Those numbers far exceed the last official figure of 47,500 drug-war dead released under Calderon, whose government stopped releasing an official count in September of last year.
The exact figures were crossed out by hand in copies of Osorio Chong’s speech provided to reporters and replaced by the less specific ‘‘thousands of people’’ dead and disappeared.
Members of Pena Nieto’s staff said the exact figures had been crossed out at the request of Osorio Chong’s office but did not offer details.
The number of drug-related homicides has been a point of contention among the Mexican government and its critics, with human-rights groups and other outside observers saying they believed the number to be far higher than Calderon’s last official figure.
In August, Calderon told the National Public Security Council that homicides linked to organized crime had dropped 15 percent nationwide in the first six months of 2012, without providing any specific figures details on the source of his figures. In response to an open records request from The Associated Press, the Mexican government said Monday that Calderon had based his statement on figures showing a 15 percent reduction in all intentional homicides in only six states with a heavy presence of organized crime — Chihuahua, Tamaulipas, Baja California, Sinaloa, Zacatecas and Coahuila.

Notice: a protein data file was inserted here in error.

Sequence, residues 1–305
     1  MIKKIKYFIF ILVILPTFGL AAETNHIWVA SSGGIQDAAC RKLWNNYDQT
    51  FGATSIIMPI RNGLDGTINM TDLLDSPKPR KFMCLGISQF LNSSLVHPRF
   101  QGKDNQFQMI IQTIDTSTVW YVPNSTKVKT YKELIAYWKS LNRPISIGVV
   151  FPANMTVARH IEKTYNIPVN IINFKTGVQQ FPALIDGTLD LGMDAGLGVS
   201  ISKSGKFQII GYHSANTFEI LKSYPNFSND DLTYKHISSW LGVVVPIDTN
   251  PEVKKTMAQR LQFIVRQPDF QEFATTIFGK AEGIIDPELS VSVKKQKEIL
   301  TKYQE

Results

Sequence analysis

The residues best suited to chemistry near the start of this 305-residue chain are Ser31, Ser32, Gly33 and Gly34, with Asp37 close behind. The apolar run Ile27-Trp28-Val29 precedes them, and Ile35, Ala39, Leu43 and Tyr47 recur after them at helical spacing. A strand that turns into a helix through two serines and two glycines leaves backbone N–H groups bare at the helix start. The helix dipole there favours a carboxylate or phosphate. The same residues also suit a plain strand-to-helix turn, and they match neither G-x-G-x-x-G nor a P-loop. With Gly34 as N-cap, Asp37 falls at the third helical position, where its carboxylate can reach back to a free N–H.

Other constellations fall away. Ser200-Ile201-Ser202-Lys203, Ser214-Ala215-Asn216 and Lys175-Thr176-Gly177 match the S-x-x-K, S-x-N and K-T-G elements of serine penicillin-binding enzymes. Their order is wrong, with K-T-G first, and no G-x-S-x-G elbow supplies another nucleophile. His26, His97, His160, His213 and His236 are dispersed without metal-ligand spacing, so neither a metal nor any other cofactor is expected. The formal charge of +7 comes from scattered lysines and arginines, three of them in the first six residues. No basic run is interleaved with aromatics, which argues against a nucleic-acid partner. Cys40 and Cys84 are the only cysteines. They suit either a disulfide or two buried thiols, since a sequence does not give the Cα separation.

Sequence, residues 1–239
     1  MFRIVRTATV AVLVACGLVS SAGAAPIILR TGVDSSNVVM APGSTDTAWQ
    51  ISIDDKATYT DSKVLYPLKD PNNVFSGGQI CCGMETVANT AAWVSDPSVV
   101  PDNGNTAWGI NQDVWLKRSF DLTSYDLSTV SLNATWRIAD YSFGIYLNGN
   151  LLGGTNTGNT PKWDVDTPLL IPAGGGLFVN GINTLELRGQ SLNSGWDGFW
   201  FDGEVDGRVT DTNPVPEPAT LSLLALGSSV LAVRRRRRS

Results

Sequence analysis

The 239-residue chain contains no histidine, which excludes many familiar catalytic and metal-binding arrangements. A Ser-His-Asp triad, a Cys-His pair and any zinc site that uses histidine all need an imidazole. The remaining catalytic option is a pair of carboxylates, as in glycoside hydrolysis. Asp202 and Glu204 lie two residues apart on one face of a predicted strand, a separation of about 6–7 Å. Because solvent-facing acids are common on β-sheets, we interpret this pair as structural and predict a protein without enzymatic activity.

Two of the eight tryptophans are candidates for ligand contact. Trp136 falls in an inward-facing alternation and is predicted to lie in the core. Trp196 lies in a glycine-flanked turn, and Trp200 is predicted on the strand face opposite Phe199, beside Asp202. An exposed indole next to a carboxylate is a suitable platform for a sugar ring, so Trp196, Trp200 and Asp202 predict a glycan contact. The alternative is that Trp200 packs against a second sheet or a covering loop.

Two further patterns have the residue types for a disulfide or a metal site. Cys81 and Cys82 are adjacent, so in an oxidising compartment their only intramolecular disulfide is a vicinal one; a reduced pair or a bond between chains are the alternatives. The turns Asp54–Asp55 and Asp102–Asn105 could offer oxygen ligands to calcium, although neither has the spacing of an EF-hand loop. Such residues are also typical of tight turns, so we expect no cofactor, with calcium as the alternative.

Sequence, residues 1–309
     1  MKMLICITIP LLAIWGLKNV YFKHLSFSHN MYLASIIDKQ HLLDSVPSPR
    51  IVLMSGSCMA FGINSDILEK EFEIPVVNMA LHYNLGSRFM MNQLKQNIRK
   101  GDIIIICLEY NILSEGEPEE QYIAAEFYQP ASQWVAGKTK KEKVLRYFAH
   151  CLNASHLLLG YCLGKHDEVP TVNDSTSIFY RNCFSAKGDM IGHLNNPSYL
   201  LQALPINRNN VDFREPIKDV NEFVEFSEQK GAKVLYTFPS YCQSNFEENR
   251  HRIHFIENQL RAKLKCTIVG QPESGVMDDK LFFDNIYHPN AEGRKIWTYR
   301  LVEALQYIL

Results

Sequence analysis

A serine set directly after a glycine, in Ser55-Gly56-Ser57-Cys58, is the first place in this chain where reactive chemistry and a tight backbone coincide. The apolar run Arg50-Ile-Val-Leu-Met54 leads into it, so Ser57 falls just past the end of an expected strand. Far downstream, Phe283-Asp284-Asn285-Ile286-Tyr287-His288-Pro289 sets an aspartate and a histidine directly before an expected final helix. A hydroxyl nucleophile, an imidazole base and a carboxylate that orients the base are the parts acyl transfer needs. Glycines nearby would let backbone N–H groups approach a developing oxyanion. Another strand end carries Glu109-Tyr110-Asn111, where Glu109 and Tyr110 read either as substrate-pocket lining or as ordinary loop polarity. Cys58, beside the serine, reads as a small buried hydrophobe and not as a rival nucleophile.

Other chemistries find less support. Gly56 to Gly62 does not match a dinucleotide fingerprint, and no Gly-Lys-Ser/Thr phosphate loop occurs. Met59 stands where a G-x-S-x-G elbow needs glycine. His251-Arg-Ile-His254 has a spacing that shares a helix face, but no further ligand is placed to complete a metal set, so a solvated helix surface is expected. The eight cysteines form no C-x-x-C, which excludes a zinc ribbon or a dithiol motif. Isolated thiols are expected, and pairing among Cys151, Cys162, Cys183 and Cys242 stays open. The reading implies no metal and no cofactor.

Calderon has become a fellow at Harvard’s Kennedy School of Government since leaving office. Asked about Calderon’s use of the apparently misleading figures, the Kennedy School referred questions to Calderon’s former spokesman, who declined to comment.